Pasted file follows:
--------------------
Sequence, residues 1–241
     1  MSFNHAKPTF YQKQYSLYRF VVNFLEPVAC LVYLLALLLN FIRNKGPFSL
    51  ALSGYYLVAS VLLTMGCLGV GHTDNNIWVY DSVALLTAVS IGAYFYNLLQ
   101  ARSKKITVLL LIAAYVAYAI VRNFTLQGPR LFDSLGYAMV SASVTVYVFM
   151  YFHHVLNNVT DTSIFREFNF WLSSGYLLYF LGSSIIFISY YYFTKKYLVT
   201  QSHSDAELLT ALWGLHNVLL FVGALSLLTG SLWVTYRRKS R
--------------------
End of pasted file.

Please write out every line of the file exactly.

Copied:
Sequence, residues 1–241
     1  MSFNHAKPTF YQKQYSLYRF VVNFLEPVAC LVYLLALLLN FIRNKGPFSL
    51  ALSGYYLVAS VLLTMGCLGV GHTDNNIWVY DSVALLTAVS IGAYFYNLLQ
   101  ARSKKITVLL LIAAYVAYAI VRNFTLQGPR LFDSLGYAMV SASVTVYVFM
   151  YFHHVLNNVT DTSIFREFNF WLSSGYLLYF LGSSIIFISY YYFTKKYLVT
   201  QSHSDAELLT ALWGLHNVLL FVGALSLLTG SLWVTYRRKS R